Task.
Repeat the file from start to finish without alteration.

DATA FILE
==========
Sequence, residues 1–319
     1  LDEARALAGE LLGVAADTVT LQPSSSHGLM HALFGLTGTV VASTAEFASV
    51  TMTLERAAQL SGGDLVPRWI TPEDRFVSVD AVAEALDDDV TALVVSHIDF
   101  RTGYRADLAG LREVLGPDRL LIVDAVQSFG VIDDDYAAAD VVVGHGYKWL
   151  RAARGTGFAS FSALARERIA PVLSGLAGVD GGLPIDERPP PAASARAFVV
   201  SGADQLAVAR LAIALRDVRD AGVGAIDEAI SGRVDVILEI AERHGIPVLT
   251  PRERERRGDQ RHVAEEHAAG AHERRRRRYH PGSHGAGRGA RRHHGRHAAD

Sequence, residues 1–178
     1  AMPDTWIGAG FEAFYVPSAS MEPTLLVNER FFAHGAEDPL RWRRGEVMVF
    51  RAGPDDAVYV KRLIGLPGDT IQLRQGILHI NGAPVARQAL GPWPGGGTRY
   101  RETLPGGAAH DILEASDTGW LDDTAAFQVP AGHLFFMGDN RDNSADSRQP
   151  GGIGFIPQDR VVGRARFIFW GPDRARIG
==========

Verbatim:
Sequence, residues 1–319
     1  LDEARALAGE LLGVAADTVT LQPSSSHGLM HALFGLTGTV VASTAEFASV
    51  TMTLERAAQL SGGDLVPRWI TPEDRFVSVD AVAEALDDDV TALVVSHIDF
   101  RTGYRADLAG LREVLGPDRL LIVDAVQSFG VIDDDYAAAD VVVGHGYKWL
   151  RAARGTGFAS FSALARERIA PVLSGLAGVD GGLPIDERPP PAASARAFVV
   201  SGADQLAVAR LAIALRDVRD AGVGAIDEAI SGRVDVILEI AERHGIPVLT
   251  PRERERRGDQ RHVAEEHAAG AHERRRRRYH PGSHGAGRGA RRHHGRHAAD

Sequence, residues 1–178
     1  AMPDTWIGAG FEAFYVPSAS MEPTLLVNER FFAHGAEDPL RWRRGEVMVF
    51  RAGPDDAVYV KRLIGLPGDT IQLRQGILHI NGAPVARQAL GPWPGGGTRY
   101  RETLPGGAAH DILEASDTGW LDDTAAFQVP AGHLFFMGDN RDNSADSRQP
   151  GGIGFIPQDR VVGRARFIFW GPDRARIG